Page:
The big question is whether North Korea could strike the United States. North Korea has demonstrated missile technology that theoretically has the range to reach Alaska. A new version of the KN-08 ballistic missile, which may be operational as early as 2021, might be able to reach the West Coast with a "lightweight" nuke.

North Korea is also developing a submarine-launched missile and a missile submarine, the Gorae ("Whale") class, to launch it. While impressive for a small country, the submarine is likely much too clunky to remain undetected by regional navies, and the missile has too short a range to threaten the United States. Regardless, the submarine has at least a chance of remaining undetected in wartime, and represents the ability of the regime to strike back even after land-based nukes — and the regime — have been destroyed.

North Korean nuclear weapons are destabilizing the region, pushing neighboring states to arm themselves. South Korea has developed a cruise missile, the Hyunmoo-3, designed to destroy North Korean missiles fueled and sitting on a launch pad. Japan is set to invest in the U.S.-made Terminal High Altitude Area Defense (THAAD) missile defense system, and there have been calls in the Japanese government for the country to produce a cruise missile of its own. It's doubtful either country would have any interest in these weapons were North Korean nukes not in the picture.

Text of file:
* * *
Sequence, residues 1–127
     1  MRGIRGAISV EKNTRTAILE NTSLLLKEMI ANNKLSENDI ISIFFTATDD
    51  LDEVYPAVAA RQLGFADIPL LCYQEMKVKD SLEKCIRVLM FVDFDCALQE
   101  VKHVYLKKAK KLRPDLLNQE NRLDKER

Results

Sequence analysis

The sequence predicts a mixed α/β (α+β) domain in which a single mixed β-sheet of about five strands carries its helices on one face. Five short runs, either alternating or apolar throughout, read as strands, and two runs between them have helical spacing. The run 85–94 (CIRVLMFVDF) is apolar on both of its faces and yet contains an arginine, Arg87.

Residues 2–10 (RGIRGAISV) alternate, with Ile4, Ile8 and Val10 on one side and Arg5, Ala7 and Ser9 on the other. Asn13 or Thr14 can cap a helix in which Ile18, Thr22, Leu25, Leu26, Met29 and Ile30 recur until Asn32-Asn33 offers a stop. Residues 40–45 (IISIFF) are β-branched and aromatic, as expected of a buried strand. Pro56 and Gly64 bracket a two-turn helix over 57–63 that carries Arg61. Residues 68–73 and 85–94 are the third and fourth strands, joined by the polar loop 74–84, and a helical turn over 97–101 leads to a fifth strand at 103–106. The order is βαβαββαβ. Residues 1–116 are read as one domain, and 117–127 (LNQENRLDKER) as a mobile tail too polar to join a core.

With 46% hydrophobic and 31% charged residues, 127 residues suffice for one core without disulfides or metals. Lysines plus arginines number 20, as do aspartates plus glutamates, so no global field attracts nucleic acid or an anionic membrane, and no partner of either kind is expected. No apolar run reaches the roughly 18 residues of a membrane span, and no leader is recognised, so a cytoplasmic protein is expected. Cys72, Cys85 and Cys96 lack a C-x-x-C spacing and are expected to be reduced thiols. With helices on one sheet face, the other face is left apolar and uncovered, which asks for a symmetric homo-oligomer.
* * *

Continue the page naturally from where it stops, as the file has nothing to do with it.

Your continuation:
Meanwhile, across the Pacific, the United States is set on the horns of a dilemma. Sanctions and punitive economic measures by the international community failed to prevent North Korea from developing nukes. Real military action would likely trigger retaliatory attacks against America's allies, South Korea and Japan. And the prospect of the U.S. military waging war on China's doorstep will anger Beijing.

In the meantime North Korea's nuclear arsenal continues to grow, and its missiles inches closer towards the mainland U.S.A.

The question mark in all of this is China. North Korea has been a client state of China for decades. China does not approve of North Korea's nuclear program, and has taken punitive action, including canceling fuel deliveries, that have resulted in it having been branded a "turncoat and an enemy" by the Kim regime.

At the same time, China does not want a collapse of the North Korean regime, which would put millions of refugees on its border. China does not want a united Korea either, as that would almost certainly put a pro-U.S. government on its southern border. Ideally, China would like a cooperative neighbor, even if it meant accepting the Kim dynasty. But the Kims seem to have other plans.

It seems unlikely that a handful of people in a poor country such as North Korea could wield such power and stymie entire governments. And yet three generations of the Kim dynasty have done precisely that. Pyongyang's nukes are both a guarantor of the survival of the Kim dynasty and a conundrum for the international community. Neither will be going away anytime soon.